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Russia says Arctic Sea hijackers demanded ransom, threatened to blow up ship

Russian authorities say the case of the missing cargo ship has a straightforward explanation, but many in Europe still speculate something else happened.

By Ritt GoldsteinCorrespondent of The Christian Science Monitor / August 20, 2009

Undated photo of the Maltese-registered, Finnish-chartered vessel, Arctic Sea, that mysteriously disappeared off the coast of France.

SOVFRACHT/ Reuters

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Dalarna, Sweden

A simple hijacking for ransom?

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There's no mystery behind the hijacking of the Arctic Sea, the Russian-crewed cargo ship that touched off a frantic Russian naval hunt and a round of conspiracy theories, say Russian officials.

On Wednesday, Russian state news agencies quoted a Defense Ministry official as saying that eight hijackers who were detained on Monday had threatened to blow up the ship and its crew if a ransom of $1.5 million wasn't paid. He said the hijackers, who appear to have taken control of the ship shortly after it left Finland, and the crew continue to be questioned.

Russia says it has four Estonians, two Latvians, and two Russians in custody. They were arrested "during the operation to liberate the Arctic Sea," which was carried out by a Russian warship. The ships 15-man crew are all Russian nationals [Editor's note: The original version misstated the number of crew members.].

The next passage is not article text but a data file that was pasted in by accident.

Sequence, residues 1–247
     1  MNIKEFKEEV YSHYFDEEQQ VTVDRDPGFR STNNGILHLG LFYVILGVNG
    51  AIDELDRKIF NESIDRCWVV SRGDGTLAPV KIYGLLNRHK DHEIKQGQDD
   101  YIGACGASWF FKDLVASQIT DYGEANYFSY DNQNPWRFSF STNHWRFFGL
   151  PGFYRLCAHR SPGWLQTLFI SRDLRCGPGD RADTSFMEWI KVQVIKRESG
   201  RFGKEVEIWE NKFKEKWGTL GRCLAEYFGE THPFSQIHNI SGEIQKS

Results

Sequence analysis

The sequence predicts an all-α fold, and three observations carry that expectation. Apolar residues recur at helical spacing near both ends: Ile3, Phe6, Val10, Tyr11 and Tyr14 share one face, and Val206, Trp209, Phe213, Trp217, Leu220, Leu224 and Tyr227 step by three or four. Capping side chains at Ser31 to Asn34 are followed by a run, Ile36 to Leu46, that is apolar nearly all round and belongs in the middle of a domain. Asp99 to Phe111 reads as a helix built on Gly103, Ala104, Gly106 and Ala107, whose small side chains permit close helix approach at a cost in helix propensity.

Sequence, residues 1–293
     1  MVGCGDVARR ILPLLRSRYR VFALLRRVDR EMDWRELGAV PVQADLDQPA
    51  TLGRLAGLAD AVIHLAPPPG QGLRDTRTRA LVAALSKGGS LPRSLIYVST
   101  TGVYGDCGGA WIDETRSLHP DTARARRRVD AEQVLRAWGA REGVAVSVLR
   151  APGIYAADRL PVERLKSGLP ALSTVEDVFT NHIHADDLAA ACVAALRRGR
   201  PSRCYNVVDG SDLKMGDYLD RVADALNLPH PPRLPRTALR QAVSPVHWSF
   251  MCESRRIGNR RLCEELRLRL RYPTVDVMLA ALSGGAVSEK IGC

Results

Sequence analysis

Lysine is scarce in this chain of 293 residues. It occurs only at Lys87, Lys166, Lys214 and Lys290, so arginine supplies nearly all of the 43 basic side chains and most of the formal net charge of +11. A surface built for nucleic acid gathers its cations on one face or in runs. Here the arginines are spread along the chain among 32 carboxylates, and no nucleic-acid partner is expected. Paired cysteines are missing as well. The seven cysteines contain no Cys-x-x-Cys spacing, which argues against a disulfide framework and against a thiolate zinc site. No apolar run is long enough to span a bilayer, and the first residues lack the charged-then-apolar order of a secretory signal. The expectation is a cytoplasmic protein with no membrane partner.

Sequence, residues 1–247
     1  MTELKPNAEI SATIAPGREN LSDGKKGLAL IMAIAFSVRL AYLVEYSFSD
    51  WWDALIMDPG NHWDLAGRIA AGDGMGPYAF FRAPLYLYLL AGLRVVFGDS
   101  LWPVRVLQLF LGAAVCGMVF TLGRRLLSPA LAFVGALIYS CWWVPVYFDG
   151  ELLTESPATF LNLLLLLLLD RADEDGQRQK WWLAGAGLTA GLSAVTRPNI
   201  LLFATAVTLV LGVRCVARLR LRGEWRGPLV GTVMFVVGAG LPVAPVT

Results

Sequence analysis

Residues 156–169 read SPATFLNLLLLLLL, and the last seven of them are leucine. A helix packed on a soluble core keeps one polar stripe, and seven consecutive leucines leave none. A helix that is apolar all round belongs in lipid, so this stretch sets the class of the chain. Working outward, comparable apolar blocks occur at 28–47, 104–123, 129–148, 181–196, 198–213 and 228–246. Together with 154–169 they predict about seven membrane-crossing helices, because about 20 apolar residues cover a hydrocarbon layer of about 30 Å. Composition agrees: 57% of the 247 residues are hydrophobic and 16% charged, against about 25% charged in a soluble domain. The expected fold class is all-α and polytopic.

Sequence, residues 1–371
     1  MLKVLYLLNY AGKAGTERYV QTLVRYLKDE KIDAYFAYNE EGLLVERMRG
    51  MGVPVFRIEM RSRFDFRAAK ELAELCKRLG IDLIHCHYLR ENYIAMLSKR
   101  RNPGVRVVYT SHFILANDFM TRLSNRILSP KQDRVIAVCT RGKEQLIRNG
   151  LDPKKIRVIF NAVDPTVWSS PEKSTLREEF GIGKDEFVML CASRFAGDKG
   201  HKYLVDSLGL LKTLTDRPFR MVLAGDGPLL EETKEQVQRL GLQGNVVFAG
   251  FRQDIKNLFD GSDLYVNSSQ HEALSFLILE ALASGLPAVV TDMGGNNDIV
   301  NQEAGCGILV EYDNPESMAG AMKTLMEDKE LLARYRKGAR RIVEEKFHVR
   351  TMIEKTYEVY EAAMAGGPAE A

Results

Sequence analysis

"Extortion and hijacking – that's where we are concentrating our investigation ... and that's the only thing we have factual evidence for," says Jan-Olof Nyholm, a detective superintendent for Finland's National Bureau of Investigation.

But doubts about this version of events continue to swirl.

Political analysts and maritime security experts remain skeptical that the hijackers were merely interested in the crew or the ship's cargo – a load of lumber bound for Algeria.

That bulky, low-value cargo was worth about $1.8 million, which makes the danger and expense of a takeover hardly seem worth it. "Hijacking lumber ... it's sort of like counterfeiting one dollar bills," says John Pike, director of GlobalSecurity.org, a provider of defense and intelligence information. Mr. Pike calls the Arctic Sea incident an "out-of-pattern hijacking."

A drug raid?

On July 28 Victor Matveev, the owner of Solchart, the Helsinki company that owns the ship, contacted the Russian Embassy in Stockholm with a strange story. He described how a crewman had radioed him and told him that the ship was raided and held for 12 hours by men claiming to be Swedish antidrug police four days earlier. Mr. Matveev said the crew told him the boarders had left.

The Russian Embassy relayed this information to the Swedish Foreign Ministry, which passed it on to their police. Swedish authorities say there was no police raid. Why Matveev thought to contact the Russian Embassy and not Swedish officials on the matter, or didn't think it odd that his crew had waited four days to report such an incident, is unclear.

Repeated calls to Matveev went unanswered.

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